R | 1h 51min | Drama, biography | January 24, 2023
All bookstores have a unique advantage in the retail world. Thanks to a policy adopted during the Great Depression, all book retailers can return any unsold books to publishers for full credit (in rare cases, some minor penalties might apply).
Admittedly, Amazon.com developed into a challenge few booksellers, including executives of the major bookstore chains, anticipated. Independent stores that weathered the storm of competition from Barnes & Noble subsequently found the Internet giant underpricing them on all the latest bestsellers.
However, in the early days, Amazon did not look so formidable. The online-retailing giant’s genesis is now dramatized in Khoa Le’s “Bezos: The Beginning.”
As the film opens, Amazon founder Jeff Bezos is an awkward, but mostly likable fellow, who has already impressed his hedge fund bosses with the intelligence of his analysis and the diligence of his work ethic.
Tasked with finding the next big opportunity, Bezos has an epiphany moment when he reads a report of Internet sales growing at a rate of over 2,000 percent. Believing in the future of online retailing, Bezos settles on books as the perfect category to start with, because an Internet store could conceivably carry every title in-print from major distributors, whereas brick-and-mortar stores are physically limited by what they can fit on their shelves.
Obviously, Bezos was onto something, but the thinly fictionalized bookstore trade association in Le’s film just doesn’t get it, and Leonard Riggio, the founder of Barnes & Noble, is openly contemptuous of Bezos and his vision.
Nevertheless, when Bezos describes his online endeavor (not yet re-named “Amazon”) as the “world’s largest bookstore,” Riggio reacts with litigious threats.
It is rather fascinating to revisit Amazon’s early days in light of all the company’s subsequent controversies, including its recent decision to scrap the Smile program (which allowed customers to donate a small percentage of their sales to the charity of their choice).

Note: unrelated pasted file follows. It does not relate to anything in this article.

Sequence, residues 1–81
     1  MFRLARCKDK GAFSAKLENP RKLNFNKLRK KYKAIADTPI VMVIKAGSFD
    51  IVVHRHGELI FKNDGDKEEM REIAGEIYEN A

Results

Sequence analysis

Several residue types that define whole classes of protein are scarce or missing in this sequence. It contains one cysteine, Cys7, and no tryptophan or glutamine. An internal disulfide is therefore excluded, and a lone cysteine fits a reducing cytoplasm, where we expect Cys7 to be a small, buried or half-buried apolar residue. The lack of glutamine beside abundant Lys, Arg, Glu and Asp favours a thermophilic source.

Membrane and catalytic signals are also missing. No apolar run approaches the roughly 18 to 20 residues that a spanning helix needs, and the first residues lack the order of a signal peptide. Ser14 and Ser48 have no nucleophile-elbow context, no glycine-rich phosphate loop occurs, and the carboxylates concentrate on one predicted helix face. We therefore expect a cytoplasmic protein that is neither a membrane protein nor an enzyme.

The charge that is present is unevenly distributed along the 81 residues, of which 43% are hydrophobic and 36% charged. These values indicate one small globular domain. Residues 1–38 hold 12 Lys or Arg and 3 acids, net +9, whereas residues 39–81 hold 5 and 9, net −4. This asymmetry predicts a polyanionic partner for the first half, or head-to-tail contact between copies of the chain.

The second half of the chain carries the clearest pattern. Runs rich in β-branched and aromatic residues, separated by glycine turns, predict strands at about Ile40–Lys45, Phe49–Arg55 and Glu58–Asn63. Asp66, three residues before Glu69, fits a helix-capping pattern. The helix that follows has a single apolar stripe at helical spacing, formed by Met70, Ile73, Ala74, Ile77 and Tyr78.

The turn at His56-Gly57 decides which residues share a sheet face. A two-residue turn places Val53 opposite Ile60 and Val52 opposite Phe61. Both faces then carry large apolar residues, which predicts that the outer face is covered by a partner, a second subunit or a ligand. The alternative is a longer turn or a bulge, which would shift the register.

Somewhat unexpectedly, a good portion of Le’s film focuses on the supportive relationship Bezos enjoyed with his Cuban-American step-father Miguel Bezos, who adopted him as his own son. In many ways, the film is surprisingly sympathetic towards the Amazon founder.
It is not hagiography either. Bezos’s obsessive drive clearly strains his marriage to first-wife MacKenzie Scott that he only manages to halfway repair before the site launch. However, the film’s golden moment comes during a pitch to venture capitalists. When they remark on his long-term potential to corner the market for online retailing, Le’s Bezos replies with a straight face: “’Monopolizing’ is a very harsh word.” It is easy to imagine at this moment the sound of Amazon’s critics grinding their teeth.
“Bezos: The Beginning” is aptly named because it literally encompasses the earliest days of Amazon. This Bezos is not political in any way, but he is a good capitalist.
Screenwriters Allison Burnett and R.V. Romero (taking inspiration from Ebanks’ “Zero to Hero” young adult biography) certainly capture the “creative destruction” that Austrian economist Joseph Schumpeter famously associated with capitalist innovation, particularly through the actions and motivations of the Riggio character.
If nothing else, this film should change viewers’ perceptions of actor Kevin Sorbo, because he is terrific as the shark-like B&N CEO. Based on his work in “Bezos,” the former “Hercules” star would be an inspired choice to play Gordon Gekko in a “Wall Street” remake, should one ever happen.
In contrast, Armando Gutierrez is convincingly cerebral and driven as the titular tycoon, but those qualities do not exactly pop off the screen. However, Emilio Estefan Jr. (Gloria Estefan’s husband and founder of the Miami Sound Machine) provides the film’s humanistic heart as Miguel Bezos, while keeping the title character’s adopted Cuban heritage front-and-center throughout the film.
“Bezos: The Beginning” neither attacks or defends its subject. As a result, it offers an intriguing and rarely seen perspective on the future tech titan.
However, the title is no lie. It ends way before Amazon becomes even a glimmer of what it now has become, which will frustrate viewers looking for a fuller chronicle of Amazon’s rise to dominance. Frankly, it does indeed feel somewhat abbreviated. Yet, it also identifies early key mistakes that were made by those around Bezos, including his competitors, and shows how he capitalized off them. MBA students and budding venture capitalists could probably appreciate the film as a case study.
Recommended as a straightforward, unbiased real-life business start-up drama, “Bezos: The Beginning” releases Jan. 24 on VOD.
‘Bezos: the Beginning’
Director: Khoa Le
Stars: Armando Gutierrez, Kevin Sorbo, Emilio Estefan Jr.
Running Time: 1 hour, 39 minutes
MPAA Rating: R
Release Date: Jan. 24, 2023
Rating: 3.5 out of 5